Nuclear Energy in India- A boon or bane
Published 29th October 2010 - 29 comments - 10894 views -
In terms of Nuclear energy, following the completion of 123 Agreement between India and US and the waiver by Nuclear Suppliers group in 2008, India signed a Nuclear Pact with French firm Areva for building nuclear power plants at Jaitapur in Maharashtra and supply of nuclear fuel for the Atomic Power stations in Rajasthan. Areva will supply two European Pressurised Reactors (EPR) of 1650 MWe each for the plants to be built in Maharashtra and the company was committed to supply fuel for the life time of the reactors, pegged at about 60 years. All the reactors would be located at a nuclear park Areva had been asked to develop at Jaitapur. As a part of the consignment of 300 tonnes of nuclear fuel which is natural uranium, 60 tonnes had been arrived which will be processed at designated fuel plants at the Nuclear Fuel complex (NFC) at Hyderabad and converted into fuel pellets to be used in the nuclear reactors for generation of power. The fuel bundles will then be used at the Rajasthan Atomic power station (RAPS). There are two power stations—RAPS-1 and RAPS-2 (220 MW each), which are under the International Atomic Energy Agency Safeguards. The total quantity of 300 tonnes will enable the NFC to produce 20,000 fuel bundles. Each bundle containing about 15 kg of uranium dioxide, could generate about 6.4 lakh units of power. Under the separation plan, Indian will place 10 PHWRs under safeguards by the end of 2014 by placing two reactors each year. Nuclear Energy is going to be a landmark development for India for energy generation. Once if everything is carried out as per the proposed, it could dramatically reduce India’s dependence on conventional power and further reducing as much emissions of as 70% to that of conventional power.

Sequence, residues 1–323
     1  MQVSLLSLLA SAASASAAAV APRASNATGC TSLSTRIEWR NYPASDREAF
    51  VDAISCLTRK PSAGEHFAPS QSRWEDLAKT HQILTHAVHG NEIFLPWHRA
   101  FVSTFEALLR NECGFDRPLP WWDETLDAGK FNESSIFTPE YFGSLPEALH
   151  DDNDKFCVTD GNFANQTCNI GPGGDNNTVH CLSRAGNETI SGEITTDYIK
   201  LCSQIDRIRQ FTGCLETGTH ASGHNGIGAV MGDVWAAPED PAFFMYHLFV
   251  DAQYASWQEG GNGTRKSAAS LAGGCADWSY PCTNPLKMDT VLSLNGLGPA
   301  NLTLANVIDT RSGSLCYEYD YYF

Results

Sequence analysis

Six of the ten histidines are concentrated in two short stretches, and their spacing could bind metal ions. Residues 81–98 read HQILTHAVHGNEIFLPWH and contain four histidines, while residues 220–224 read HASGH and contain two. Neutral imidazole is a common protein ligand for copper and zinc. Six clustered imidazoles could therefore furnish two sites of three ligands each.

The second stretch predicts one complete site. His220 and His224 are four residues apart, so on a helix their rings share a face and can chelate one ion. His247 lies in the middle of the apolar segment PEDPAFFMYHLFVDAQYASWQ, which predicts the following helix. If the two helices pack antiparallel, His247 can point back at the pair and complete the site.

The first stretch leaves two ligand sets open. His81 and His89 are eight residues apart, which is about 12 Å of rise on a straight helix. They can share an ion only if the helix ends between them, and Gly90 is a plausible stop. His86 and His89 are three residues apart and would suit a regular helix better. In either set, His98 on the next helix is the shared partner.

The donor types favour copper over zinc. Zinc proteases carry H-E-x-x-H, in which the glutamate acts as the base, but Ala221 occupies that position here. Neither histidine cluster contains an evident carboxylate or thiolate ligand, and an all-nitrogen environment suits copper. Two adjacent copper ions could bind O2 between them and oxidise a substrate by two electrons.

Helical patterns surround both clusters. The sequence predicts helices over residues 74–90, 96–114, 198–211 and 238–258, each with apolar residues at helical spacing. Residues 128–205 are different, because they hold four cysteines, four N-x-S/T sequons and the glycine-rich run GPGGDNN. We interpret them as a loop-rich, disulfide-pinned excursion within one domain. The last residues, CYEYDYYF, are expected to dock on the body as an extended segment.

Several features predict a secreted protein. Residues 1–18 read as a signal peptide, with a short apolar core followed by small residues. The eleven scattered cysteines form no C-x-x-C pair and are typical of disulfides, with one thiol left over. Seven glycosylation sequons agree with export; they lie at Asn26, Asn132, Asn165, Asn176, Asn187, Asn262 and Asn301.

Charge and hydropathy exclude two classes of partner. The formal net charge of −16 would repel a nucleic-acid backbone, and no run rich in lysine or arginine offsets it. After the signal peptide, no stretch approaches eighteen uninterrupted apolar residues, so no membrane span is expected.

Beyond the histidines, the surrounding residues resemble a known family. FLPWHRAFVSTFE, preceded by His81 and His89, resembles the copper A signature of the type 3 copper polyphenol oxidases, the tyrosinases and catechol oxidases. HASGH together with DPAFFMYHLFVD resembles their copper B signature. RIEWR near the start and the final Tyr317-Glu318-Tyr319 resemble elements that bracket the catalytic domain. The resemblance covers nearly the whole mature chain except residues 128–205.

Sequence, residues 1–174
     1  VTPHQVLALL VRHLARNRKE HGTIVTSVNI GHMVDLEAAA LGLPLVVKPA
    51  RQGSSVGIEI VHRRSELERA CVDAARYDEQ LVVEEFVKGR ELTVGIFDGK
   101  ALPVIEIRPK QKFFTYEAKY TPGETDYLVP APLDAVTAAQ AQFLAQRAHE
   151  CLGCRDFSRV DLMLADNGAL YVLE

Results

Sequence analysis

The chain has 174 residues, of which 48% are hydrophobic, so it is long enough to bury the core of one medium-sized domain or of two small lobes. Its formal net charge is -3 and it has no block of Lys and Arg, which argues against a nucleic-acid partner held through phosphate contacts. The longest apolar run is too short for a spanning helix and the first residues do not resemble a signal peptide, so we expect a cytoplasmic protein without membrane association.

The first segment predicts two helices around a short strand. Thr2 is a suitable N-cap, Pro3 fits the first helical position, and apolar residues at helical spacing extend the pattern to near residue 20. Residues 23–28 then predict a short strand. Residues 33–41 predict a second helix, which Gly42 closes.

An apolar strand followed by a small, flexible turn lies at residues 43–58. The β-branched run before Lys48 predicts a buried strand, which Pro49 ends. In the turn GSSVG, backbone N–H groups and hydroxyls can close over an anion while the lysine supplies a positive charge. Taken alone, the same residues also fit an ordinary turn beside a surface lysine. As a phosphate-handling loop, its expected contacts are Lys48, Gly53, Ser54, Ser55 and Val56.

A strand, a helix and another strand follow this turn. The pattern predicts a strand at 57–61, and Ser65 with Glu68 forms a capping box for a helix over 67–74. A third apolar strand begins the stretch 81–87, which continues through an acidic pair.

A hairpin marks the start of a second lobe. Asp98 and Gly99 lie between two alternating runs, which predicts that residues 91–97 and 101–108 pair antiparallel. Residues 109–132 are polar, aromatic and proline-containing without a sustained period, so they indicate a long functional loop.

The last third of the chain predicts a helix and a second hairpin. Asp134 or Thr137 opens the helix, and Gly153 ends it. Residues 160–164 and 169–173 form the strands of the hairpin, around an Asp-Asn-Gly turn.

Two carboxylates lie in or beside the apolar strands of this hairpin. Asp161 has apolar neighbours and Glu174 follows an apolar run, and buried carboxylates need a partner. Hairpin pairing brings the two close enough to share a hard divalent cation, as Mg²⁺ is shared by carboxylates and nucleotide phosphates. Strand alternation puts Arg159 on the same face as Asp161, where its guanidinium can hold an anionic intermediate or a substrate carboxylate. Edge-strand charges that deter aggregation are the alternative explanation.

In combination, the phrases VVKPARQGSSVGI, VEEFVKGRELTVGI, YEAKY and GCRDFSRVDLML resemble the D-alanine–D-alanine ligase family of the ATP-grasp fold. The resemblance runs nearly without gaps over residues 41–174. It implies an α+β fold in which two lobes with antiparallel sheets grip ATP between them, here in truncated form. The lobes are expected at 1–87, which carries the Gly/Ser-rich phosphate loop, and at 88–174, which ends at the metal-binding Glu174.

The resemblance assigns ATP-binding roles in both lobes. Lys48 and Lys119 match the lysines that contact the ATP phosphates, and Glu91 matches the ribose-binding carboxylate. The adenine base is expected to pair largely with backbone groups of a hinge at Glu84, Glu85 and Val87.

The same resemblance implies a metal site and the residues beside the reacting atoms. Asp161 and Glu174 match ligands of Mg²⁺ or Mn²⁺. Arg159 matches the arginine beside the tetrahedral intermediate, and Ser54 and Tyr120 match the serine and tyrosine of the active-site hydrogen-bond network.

This would have considerable impact on reducing the GHG reduction unlike the conventional power. But the effects that nuclear energy would create are not commendable. It is also has to be considered that, when a countries like India are suffering with the basic necessary facilities to keep up the development, the economic resources spent on nuclear energy could help in providing the basic necessary facilities for millions of the poor. The GHG emissions reduction could be achieved in several other economic ways like improving the energy consumption, transportation, etc. So on a whole; I counter argue the statement that nuclear energy development as a means for GHG emissions reduction.
Nuclear Power : Not cheap, Not safe, Not Wanted
Instead of investments huge chunks of money in nuclear energy and having Nuclear pacts and policies, we need to have something like UK’s “The No Money for Nuclear movement”. Some of the cuts it already made are as below:
- £83 billion in cuts over the next four years
- £4.2 billion from the education capital budget, a cut of 60%
- £4.8 billion from the communities capital budget, a cut of 74%
Nuclear will benfit from carbon pricing and emissions trading regimes, this in spite of the fact that nuclear is not renewable, not sustainable and higher carbon than any other renewable if the full life cycle carbon is taken into account. Nuclear does not deserve any environmental subsidy.
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